Amid controversy about “locked doors,” photos of Taj Mahal rooms  surface

18 May, 2022 | Riya Girdhar

The photographs in the Archaeological Survey of India (ASI) newsletter depict restoration work in the Taj Mahal's underground compartments.

Three days before a court hearing on a plea to open the rooms, the Archaeological Survey of India tweeted a newsletter with photographs of what it dubbed “subterranean cells” in the Taj Mahal, in what was perceived as a warning by the monument conservation authority to clear the air on the topic.

The ASI, or American Society for the Preservation of the Taj Mahal, tweeted their January 2022 bulletin on May 9, three days before the Allahabad High Court’s Lucknow bench heard a petition seeking an investigation into the Taj Mahal’s “history.”

By May 9, the petition had made headlines and was the topic of heated disputes.

The petition, which requested that the doors of the Taj Mahal’s 22 rooms be opened to witness “the truth, whatever it is,” was dismissed by the court.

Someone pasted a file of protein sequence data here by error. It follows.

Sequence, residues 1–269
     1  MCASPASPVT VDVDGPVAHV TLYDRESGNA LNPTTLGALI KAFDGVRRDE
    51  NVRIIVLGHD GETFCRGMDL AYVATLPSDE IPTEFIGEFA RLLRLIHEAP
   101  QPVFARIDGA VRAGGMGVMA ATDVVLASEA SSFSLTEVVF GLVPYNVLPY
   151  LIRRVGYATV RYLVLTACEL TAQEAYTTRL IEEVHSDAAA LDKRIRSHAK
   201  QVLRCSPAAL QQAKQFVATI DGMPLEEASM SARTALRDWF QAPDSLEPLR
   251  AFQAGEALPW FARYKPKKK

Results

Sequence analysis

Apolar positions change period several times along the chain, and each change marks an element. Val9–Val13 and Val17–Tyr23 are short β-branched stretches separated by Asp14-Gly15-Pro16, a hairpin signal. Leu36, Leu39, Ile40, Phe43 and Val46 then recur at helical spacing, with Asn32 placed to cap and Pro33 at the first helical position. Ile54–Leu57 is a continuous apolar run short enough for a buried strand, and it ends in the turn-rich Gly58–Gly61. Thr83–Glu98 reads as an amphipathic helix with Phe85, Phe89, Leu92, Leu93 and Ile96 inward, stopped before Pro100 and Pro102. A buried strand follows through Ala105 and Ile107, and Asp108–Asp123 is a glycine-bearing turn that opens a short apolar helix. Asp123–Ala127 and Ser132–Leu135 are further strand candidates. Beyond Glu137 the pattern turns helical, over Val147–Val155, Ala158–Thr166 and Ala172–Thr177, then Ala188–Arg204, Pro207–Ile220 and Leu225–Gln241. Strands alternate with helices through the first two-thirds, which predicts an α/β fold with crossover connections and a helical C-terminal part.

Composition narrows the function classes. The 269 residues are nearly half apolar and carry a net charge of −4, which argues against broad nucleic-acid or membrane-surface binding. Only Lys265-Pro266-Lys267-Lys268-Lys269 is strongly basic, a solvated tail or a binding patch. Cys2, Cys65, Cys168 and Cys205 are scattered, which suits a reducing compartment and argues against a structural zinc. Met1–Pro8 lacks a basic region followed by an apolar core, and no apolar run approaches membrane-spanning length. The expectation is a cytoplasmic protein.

The photographs in the ASI newsletter show repair work on the Taj Mahal’s underground cells, which are located on the bank of the Yamuna River in Agra, Uttar Pradesh.

The ASI weekly provides updates on restoration projects at monuments under its care across the country.

Rajneesh Singh, a BJP youth media in-charge in Agra, has filed a plea with the Allahabad High Court’s Lucknow bench, requesting that the ASI investigate the Taj Mahal’s 22 closed doors to discover if idols of Hindu deities are housed within.

Mr Singh argued that incorrect history regarding the Taj Mahal was being taught, and that the doors to the truth should be opened.

Such discussions, according to the high court, belong in the drawing room, not the courtroom. “The concerns should be handled outside of court using various methodologies and left to historians,” the top court had stated.